Commentary

Al Sharpton Tries Spelling 'Respect' to Honor Aretha, Just Can't Get It Right

Shortly after it was announced that the “Queen of Soul,” singer Aretha Franklin, had entered hospice, word followed that the powerhouse performer had passed away. Many public figures paid tribute, but the Rev. Al Sharpton just ended up embarrassing himself with one of his.

Franklin’s official website noted that not only was she often known just by her first name, but that she was “both a 20th and 21st century musical and cultural icon.” For at least six decades she entertained the world with such iconic songs as “Think” and “Natural Woman.”

Her astonishing career earned her the Presidential Medal of Freedom in 2005 from then-President George W. Bush, and  a whopping 18 Grammy awards. She is also credited with “saving” the 1998 Grammy Awards, as the New York Post recounted.

One of her most famous tunes is “Respect,” in which she spells out the word, “R-E-S-P-E-C-T,” twice. That particular part of the song has been widely used across pop culture, including in movies and television commercials.



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The star-studded deluge of tributes to her often referenced her amazing career and many famous songs. A few, shared here, illustrate the deep respect so many had for Franklin and her contributions to the music world.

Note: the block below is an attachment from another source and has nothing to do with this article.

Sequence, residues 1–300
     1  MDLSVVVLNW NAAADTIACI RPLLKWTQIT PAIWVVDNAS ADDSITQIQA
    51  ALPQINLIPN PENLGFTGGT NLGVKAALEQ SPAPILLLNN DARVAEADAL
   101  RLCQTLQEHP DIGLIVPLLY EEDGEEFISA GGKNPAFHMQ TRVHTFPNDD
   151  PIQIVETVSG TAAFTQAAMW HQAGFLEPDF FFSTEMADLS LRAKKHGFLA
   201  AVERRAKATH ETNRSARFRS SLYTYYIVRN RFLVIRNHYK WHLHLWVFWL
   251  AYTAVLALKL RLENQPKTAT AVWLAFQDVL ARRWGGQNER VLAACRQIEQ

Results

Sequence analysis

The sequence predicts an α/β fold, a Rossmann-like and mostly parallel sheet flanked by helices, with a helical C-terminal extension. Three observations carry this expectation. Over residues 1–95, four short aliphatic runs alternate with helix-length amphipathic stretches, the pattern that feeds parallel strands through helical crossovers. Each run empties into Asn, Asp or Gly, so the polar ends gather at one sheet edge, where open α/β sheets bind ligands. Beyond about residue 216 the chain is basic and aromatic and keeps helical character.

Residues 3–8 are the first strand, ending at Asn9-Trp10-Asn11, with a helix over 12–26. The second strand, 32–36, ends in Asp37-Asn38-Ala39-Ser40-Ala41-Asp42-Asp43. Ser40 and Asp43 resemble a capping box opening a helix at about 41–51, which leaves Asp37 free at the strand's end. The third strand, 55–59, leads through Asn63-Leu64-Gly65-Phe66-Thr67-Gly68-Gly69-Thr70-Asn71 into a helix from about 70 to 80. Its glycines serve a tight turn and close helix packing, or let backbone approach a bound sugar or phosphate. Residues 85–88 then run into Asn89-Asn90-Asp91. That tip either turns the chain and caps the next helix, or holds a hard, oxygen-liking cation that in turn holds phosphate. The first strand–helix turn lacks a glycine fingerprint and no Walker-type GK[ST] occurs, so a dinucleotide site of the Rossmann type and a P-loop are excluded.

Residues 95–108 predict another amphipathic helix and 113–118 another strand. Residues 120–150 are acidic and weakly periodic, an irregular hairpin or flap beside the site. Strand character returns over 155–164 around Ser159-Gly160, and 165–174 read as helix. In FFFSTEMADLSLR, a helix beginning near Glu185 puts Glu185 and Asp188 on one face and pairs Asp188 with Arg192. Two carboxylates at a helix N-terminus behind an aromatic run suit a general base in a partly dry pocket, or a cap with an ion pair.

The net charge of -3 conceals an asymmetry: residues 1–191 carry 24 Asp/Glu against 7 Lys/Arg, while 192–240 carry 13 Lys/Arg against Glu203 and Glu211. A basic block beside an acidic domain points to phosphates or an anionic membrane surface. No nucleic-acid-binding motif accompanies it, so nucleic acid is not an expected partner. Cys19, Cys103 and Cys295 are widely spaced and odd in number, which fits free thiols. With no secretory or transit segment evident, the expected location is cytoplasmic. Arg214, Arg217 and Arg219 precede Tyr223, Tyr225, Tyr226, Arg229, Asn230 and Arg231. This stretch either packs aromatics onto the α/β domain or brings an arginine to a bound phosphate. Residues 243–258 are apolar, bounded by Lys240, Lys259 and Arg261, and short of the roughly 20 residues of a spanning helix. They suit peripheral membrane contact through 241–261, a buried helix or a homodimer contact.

Singer Janet Jackson sent out a tweet with a video clip talking about how she grew up with Franklin as a neighbor, playing with her kids. She honored the legacy Franklin created:

Actress and businesswoman Priscilla Presley paid tribute with a simple RIP message. She made no mention of whether she’d ever met the singer, via her late ex-husband, Elvis.

TMZ and others reported that both Elvis and Franklin died on the same day, Aug. 16. Elvis passed away 41 years before Franklin.

Freelance journalist Yashar Ali shared a star-studded story about Franklin. Apparently, legendary singers Etta James and Sarah Vaughn discussed the rising star’s vocal talent.

According to the story, reportedly told by James, both were impressed, and at least one, perhaps a little intimidated. The charming story added to the lovely way in which so many opted to honor Franklin.

Then we come to Sharpton, who interviewed Franklin in 2014, and featured at least part of that during a tribute segment in his “PoliticsNation with Al Sharpton” show on MSNBC. However, in relation to a segment with fired White House staffer Omarosa Maniqault Newman, he attempted to reference his “late friend Aretha Franklin” and honor her while also slapping down President Trump.

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It didn’t go well, at all:

Twitter user “Matt’s Idea Shop” created a tweet featuring the train wreck.

Does this kind of incompetence from Al Sharpton surprise you?

Some might say that a number of the comments attached to his tweet were just as entertaining.

Many were dumbfounded that such an iconic part of the song, in which the word is clearly spelled out, somehow eluded the show host. He misspelled “respect” as “R-E-S-P-I-C-T.” And didn’t catch his error.

Later, in celebrating Harlem Week’s Harlem Day, Sharpton tried to get the rain-soaked crowd to chant Franklin’s name. Fortunately, he didn’t try to spell it:

Since Sharpton is so often, correctly, “race-baiter” or a political con man, it may be difficult to say which was more disappointing. Was it that he misspelled a word that is so clearly spelled out in Franklin’s song, or that he seemingly kept trying to use tributes to her in order to gain political points for himself and his own agenda?

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